Architect responded to call from French authorities
Gensler has revealed its proposals for a temporary chapel beside Notre-Dame to allow Parisians to worship while the cathedral is restored.
The structure would be constructed partly from charred timber and include rotating panels at ground level so the intimate chapel could be opened to the outside world for use as a marketplace or performance space.
Work to return the cathedral to full operational use is expected to take years after April’s devastating blaze destroyed the roof and spire.
Gensler was responding to a call by the mayor of Paris and cathedral authorities for ideas for a temporary structure to bring citizens and worshippers together.
If commissioned, Gensler’s concept would stand in the 850-year-old cathedral’s Parvis Square and act as a nave. It replicates the cathedral’s dimensions to ensure familiarity, said Duncan Swinhoe, the architect’s regional managing principal.
“It is important that the design is true to, but doesn’t upstage, the cathedral,” he added.
“We wanted to strike a balance between a structure that invites the community yet can be transformed to become a reflective and spiritual haven when mass is celebrated. We hope this offers the people of Paris, and the world, a statement of hope and rebirth.”
With a roof of ETFE cushions and walls made from translucent polycarbonate the space would be “flooded” with natural light, emphasising its ethereal quality of the space while creating visual relief, he said.
The charred timbers would give it a structural rhythm reminiscent of the Gothic cathedral, which would be visible through movable panels behind the altar.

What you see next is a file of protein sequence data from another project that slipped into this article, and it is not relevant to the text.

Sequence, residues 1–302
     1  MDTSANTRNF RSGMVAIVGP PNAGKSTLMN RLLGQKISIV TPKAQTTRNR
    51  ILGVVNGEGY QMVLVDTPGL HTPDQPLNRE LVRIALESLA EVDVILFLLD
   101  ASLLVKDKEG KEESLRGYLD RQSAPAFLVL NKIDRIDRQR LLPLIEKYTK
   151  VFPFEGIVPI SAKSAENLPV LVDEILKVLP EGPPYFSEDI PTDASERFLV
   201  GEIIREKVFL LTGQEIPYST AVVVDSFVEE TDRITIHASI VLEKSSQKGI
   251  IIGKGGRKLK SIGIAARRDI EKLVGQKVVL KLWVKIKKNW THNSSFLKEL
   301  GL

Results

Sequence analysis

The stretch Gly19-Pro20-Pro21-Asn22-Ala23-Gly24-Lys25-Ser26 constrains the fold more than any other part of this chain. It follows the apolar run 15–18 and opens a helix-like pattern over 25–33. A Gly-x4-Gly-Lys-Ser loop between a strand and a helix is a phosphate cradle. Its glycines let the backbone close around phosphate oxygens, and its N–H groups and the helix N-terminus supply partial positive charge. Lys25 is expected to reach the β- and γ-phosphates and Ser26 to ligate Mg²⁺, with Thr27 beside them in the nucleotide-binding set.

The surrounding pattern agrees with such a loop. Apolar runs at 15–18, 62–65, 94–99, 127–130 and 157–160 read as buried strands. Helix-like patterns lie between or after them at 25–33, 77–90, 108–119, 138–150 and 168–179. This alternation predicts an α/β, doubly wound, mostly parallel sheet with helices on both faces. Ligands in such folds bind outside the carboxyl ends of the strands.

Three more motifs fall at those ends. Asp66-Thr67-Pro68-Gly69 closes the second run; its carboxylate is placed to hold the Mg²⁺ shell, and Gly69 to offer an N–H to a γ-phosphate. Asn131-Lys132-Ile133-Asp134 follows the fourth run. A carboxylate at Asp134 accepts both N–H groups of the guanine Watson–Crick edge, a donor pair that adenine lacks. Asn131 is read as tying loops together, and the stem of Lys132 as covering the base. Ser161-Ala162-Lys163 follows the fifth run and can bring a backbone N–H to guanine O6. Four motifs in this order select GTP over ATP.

“Charred timber, which is one of the oldest and most effective methods of protecting wood from fire, also symbolises that what once destroyed Notre-Dame will only serve to make it stronger, thus expressing a language of rebirth and transformation,” said Swinhoe.
“Our focus has always been about supporting the community in this time of loss, giving them a place to reflect and pause. We’ve come together as a firm and donated our time to this project that’s close to our hearts. And although we’re still very much in the conceptual stage we’d be honored to continue to donate our time and expertise and would welcome the opportunity to discuss our design in more detail with the Bishop Patrick Chauvet and the relevant authorities.”
Meanwhile, US architect SB Architects unveiled a speculative design concept for the lost spire at Notre-Dame.
Its proposal, La Rose, was created in response to French prime minister Édouard Philippe’s announcement of a contest for a new spire design.
Cooper Copetas, a Parisian-born designer at SB Architects’ Miami office, said the project, which involves a steel structure and cone of frosted glass bricks, would filter a scattered beam of light throughout the nave.
Glazed blue-toned ceramic tiles pay homage to the ceramic façades and roofs common to buildings built between the 1850s and 1920s in the region of Ile-de-France.
Copetas said: “It’s our aim to create something expressive but disciplined through parametric design methodology. The humbly integrated design may be geometrically complex but, without veering into overly elaborate territory, resolutely unique without unnecessary ostentation.”
He added: “Through a deep understanding of Romanesque and Gothic architecture, the author of the cathedral’s original spire would also invent, on paper, an architectural language that re-interprets these 12th-century motifs. This gift for invention coupled with his adoption of iron structures allowed him to stretch Middle Age cathedral proportions into a whole new style; indeed, this innovation made Viollet-le-Duc the father of art nouveau, a design type unique to Paris.”